There’s a real chance that an NFL team or two won’t play its full 16-game schedule. Or that we’ll be having games on every day of the week as teams try to play three games in the final two weeks of the season to make up games lost to positive tests. AP Photo/Michael Wyke

The NFL schedule is in flux. It’s like nothing we’ve seen in the history of professional football. Yet it’s exactly like what we’ve seen in other sports.

The New England Patriots had their game against Denver rescheduled for Monday before it was completely pushed off until next Sunday. The Tennessee Titans, who have had some two dozen positive test results, are scheduled to play Buffalo on Tuesday night.

“That’s not fair,” former NFL quarterback Chris Simms repeated over and over again on NBC Sports Network’s ProFootballTalk show Monday morning.

He’s right. And the NFL doesn’t care.

Competitive integrity is so 2019. The Pro Sports Industrial Complex has learned it’s one of the many victims of the pandemic. Getting games played and filling television schedules is what this is all about. Not about crowning a champion through the usual norms of fair play.

Sports are being played for two reasons. One is for the fans, and one is for the industry.

For fans, these games are an escape. For a few hours on Sunday you can watch your football team and cheer and groan together as a community … even if you are communicating with friends and family via text or FaceTime.

For the industry, it’s about limiting the amount of money lost in the pandemic. The games are being played for television and the money that broadcast contracts bring in. To do that, two teams must take the field and compete.

Baseball showed us that this summer. Games were postponed by the dozens. Seven-inning doubleheaders were introduced so that teams could get as close to 60 games played as possible. You want to talk fair? The Marlins had to replace more than half their team to get back on the field. Some teams played seven games in five days. None of this would’ve been allowed in normal times.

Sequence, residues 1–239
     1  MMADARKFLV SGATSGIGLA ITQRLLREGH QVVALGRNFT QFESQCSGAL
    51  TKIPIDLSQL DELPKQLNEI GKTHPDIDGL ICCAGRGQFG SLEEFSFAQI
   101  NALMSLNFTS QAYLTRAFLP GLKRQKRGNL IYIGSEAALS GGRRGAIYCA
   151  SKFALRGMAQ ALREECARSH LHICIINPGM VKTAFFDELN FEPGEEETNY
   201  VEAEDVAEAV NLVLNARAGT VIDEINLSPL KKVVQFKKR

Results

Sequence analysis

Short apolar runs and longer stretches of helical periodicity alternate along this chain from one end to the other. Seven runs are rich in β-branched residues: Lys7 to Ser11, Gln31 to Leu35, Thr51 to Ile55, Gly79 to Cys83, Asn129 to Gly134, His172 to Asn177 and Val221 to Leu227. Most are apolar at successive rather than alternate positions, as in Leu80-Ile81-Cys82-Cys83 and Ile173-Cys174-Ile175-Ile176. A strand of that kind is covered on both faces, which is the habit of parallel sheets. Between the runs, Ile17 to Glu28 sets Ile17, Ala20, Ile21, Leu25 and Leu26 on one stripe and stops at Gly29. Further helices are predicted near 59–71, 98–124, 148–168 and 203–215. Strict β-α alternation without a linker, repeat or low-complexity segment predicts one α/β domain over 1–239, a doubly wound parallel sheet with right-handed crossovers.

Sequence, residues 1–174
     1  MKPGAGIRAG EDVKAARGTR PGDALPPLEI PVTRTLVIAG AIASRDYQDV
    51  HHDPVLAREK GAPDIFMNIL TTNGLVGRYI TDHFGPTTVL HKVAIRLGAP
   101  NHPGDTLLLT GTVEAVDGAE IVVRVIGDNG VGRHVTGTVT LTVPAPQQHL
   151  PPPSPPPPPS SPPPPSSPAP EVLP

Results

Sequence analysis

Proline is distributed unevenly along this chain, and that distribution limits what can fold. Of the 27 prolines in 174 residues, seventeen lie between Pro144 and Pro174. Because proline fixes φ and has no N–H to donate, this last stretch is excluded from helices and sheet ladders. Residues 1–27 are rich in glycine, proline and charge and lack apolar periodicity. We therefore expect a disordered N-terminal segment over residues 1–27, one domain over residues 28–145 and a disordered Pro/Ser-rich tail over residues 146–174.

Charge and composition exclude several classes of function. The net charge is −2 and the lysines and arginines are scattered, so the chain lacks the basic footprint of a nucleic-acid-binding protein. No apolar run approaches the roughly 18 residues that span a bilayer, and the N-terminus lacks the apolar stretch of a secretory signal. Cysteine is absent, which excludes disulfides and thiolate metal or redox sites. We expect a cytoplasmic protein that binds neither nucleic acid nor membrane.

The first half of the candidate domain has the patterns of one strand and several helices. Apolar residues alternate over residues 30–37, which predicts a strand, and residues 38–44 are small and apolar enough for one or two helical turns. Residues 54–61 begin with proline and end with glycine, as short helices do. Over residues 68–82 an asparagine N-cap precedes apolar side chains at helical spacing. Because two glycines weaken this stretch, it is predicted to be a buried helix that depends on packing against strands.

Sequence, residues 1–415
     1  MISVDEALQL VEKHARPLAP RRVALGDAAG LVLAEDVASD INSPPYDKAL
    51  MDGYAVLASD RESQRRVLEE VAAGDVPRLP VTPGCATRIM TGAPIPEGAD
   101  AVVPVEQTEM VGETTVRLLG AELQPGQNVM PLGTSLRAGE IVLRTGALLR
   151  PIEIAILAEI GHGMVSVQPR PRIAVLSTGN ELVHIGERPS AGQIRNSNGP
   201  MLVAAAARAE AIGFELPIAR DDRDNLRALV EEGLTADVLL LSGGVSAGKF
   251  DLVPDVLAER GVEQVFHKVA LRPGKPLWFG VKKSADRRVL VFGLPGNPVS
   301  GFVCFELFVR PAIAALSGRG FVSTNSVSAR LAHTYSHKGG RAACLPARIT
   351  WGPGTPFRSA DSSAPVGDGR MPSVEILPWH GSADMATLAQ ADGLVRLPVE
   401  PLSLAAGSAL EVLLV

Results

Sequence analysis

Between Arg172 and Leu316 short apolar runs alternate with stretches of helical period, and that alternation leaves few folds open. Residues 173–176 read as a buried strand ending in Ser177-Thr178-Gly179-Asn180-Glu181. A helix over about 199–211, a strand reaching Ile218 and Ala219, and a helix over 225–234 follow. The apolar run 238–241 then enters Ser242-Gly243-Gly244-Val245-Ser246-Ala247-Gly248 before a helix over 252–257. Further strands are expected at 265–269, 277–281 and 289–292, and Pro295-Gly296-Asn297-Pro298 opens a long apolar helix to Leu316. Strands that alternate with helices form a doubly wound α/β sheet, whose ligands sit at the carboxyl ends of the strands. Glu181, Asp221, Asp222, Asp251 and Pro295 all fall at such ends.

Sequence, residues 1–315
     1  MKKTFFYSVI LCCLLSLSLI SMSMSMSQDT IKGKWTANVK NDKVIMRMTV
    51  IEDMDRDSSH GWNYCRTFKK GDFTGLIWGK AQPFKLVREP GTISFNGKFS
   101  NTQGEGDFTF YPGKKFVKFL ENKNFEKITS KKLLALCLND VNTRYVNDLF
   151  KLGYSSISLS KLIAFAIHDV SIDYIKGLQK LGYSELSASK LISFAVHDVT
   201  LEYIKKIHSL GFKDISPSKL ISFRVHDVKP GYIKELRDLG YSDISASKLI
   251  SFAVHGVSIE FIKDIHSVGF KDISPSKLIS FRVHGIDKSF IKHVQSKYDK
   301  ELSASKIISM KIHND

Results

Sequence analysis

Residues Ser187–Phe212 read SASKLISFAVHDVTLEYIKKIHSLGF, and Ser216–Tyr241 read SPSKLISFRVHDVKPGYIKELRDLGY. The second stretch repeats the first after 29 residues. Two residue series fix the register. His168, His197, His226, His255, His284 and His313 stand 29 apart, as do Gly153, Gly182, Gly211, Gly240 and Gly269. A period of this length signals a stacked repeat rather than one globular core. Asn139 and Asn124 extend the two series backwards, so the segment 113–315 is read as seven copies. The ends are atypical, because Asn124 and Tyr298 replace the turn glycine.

It’s also why baseball has progressed to the playoffs without any major setbacks. On Friday the Rays eliminated the Yankees in a winner-take-all Game 5 when Mike Brosseau hit an eighth-inning home run off Aroldis Chapman, avenging a 100 mph pitch Chapman threw at Brosseau’s head back on Sept. 1.

That was in the midst of an eight-day stretch where the Yankees played 11 games. That hardly seems fair. But fairness didn’t come into the process as MLB was rescheduling games postponed because of COVID-19. It was about fulfilling a schedule against all odds and reaching the playoffs.

Once in the postseason, teams moved into a bubble where neutral-site games are being played. The bubble has served leagues well. Basketball and hockey completed their playoffs in COVID-free bubbles.

You can’t put dozens of teams in a bubble for an entire season. Football, like baseball, has to get through their regular seasons before considering games played in isolation.

That’s why the NFL is doing what it needs to do to patch this season together. And we’ve only just begun. There’s a real chance that a team or two won’t play its full 16-game schedule. Or that we’ll be having games on every day of the week as teams try to play three games in the final two weeks of the season to make up games lost to positive tests.

That won’t be fair, but it won’t matter. If it gets us to the NFL playoffs, and eventually a Super Bowl, few will complain about how we got there. They’ll just sit back and enjoy their football Sundays. And hope that we never have a season like this again.

Tom Caron is a studio host for Red Sox broadcasts on NESN. His column runs on Tuesdays in the Portland Press Herald.


Only subscribers are eligible to post comments. Please subscribe or to participate in the conversation. Here’s why.

Use the form below to reset your password. When you've submitted your account email, we will send an email with a reset code.